10. Spanish housing regulation is especially crazy, however, because the country is unbelievably empty. You can see vast unused lands even ten miles from Madrid. The train trip to Barcelona passes through hundreds of miles of desert. Yes, the U.S. has even lower population density, but Spain is empty even in regions where many millions of people would plausibly like to live. Indeed, population density in Spain is actually lower than in the contiguous U.S.

Naturally, Caplan thinks that Spain needs more immigrants:

12. My biggest epiphany: Spain has more to gain from immigration than virtually any other country on Earth. There are almost 500 million native Spanish speakers on Earth — and only 47 million people in Spain. (Never mind all those non-Spanish speakers who can acquire fluency in less than a year!) Nearly all of these Spanish speakers live in countries that are markedly poorer and more dangerous than Spain, so vast numbers would love to migrate. And due to the low linguistic and cultural barriers, the migrants are ready to hit the ground running. You can already see migration-fueled growth all over Spain, but that’s only a small fraction of Spain’s potential.


14. How can immigration to Spain be such a free lunch? Simple: Expanding a well-functioning economy is far easier than fixing a poorly-functioning economy. The Romanian economy, for example, has low productivity. Romanian people, however, produce far more in Spain than at home. Give them four months to learn the language, and they’re ready to roll.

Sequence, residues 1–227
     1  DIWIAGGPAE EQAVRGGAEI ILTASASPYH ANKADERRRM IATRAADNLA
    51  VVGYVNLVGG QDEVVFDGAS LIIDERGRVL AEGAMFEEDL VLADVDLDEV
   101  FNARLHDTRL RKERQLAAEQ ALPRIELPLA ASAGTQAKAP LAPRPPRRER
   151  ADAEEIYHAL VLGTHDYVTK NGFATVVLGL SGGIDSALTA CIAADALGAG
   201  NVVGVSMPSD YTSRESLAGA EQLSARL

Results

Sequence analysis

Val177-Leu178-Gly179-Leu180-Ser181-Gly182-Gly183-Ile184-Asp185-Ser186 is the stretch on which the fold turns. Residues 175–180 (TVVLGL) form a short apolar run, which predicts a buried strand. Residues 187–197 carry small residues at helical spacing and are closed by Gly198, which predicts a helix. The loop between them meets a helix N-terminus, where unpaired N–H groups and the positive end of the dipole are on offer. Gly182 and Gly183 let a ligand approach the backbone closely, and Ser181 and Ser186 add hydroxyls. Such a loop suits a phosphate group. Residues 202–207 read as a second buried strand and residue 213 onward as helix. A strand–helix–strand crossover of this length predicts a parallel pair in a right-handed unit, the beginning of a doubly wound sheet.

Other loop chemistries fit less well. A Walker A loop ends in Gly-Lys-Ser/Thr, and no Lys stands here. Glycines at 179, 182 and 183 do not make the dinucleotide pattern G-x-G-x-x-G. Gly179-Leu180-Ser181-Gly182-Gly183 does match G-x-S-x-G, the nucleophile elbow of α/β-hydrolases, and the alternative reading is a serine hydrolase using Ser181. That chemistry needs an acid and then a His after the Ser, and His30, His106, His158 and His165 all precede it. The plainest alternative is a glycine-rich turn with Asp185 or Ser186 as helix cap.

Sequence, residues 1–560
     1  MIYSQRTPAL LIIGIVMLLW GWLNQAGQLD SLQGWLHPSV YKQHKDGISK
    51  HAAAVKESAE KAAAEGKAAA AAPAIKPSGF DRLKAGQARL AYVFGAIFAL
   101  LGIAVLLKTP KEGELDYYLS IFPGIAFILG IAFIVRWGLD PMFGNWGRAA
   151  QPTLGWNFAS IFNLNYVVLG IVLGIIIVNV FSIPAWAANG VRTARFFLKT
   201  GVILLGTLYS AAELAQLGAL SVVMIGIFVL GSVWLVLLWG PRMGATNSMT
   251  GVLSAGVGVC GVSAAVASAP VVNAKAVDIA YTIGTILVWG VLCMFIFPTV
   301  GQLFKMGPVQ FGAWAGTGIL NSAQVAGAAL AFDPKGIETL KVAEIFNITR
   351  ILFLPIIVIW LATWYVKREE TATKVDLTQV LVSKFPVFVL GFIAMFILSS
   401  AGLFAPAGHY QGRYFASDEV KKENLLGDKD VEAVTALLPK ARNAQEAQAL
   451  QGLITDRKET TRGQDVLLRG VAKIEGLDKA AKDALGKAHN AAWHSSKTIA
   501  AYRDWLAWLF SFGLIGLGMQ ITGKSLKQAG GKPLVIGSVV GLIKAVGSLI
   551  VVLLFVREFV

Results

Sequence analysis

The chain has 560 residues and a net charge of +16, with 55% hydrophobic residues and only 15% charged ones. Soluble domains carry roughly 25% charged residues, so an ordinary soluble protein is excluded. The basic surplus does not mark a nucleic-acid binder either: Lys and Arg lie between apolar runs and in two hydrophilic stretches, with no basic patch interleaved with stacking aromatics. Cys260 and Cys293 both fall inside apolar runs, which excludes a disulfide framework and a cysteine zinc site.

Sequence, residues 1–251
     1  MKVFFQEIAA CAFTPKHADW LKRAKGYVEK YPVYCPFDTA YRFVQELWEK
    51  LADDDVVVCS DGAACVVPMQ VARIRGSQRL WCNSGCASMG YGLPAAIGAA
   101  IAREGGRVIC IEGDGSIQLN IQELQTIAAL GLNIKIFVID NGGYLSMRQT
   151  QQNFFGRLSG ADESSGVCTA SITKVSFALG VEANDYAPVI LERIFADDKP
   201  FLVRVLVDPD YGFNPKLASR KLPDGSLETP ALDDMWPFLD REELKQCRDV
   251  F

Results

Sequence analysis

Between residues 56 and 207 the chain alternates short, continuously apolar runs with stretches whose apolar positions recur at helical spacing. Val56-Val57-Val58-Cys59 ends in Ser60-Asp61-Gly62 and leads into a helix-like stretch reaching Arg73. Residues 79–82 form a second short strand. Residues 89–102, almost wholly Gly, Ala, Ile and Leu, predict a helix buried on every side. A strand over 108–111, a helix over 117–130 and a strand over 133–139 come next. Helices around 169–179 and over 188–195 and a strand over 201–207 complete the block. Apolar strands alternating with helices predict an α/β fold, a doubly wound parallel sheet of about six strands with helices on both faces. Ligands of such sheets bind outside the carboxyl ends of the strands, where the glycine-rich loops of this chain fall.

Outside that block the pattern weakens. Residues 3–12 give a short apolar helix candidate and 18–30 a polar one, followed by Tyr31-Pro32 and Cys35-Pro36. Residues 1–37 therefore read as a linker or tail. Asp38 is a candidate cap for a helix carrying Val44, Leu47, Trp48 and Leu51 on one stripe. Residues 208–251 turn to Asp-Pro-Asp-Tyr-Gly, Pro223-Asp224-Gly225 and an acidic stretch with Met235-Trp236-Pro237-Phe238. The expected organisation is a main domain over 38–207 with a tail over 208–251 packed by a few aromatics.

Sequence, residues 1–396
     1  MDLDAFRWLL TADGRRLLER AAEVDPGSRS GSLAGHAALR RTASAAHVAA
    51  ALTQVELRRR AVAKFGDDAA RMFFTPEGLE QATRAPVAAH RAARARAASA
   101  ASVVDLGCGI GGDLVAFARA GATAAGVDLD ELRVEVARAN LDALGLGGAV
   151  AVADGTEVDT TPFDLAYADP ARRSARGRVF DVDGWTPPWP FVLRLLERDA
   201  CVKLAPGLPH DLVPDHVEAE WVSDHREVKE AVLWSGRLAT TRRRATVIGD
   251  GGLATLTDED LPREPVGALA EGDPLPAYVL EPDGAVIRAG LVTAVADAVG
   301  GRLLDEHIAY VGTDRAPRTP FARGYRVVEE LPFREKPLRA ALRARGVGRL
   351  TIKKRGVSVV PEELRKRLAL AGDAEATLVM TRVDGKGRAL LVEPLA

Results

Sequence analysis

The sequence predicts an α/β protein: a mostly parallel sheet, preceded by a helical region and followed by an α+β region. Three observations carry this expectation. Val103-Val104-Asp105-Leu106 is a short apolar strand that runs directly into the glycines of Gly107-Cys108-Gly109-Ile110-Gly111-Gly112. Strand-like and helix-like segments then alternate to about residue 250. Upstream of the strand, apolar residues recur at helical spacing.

15. According to my sources, Spain’s immigration laws stubbornly willfully defy this economic logic. When illegal migrants register with the government, they immediately become eligible for many government benefits. Before migrants can legally work, however, they must wait three years. Unsurprisingly, then, you see many people who look like illegal immigrants working informally on the streets, peddling bottled water, sunglasses, purses, and the like. I met one family that was sponsoring Venezuelan refugees. Without their sponsorship, the refugees would basically be held as prisoners in a government camp — or even get deported to Venezuela. Why not flip these policies, so migrants can work immediately, but wait three years to become eligible for government benefits? Who really thinks that people have a right to the labor of others, but no right to labor themselves?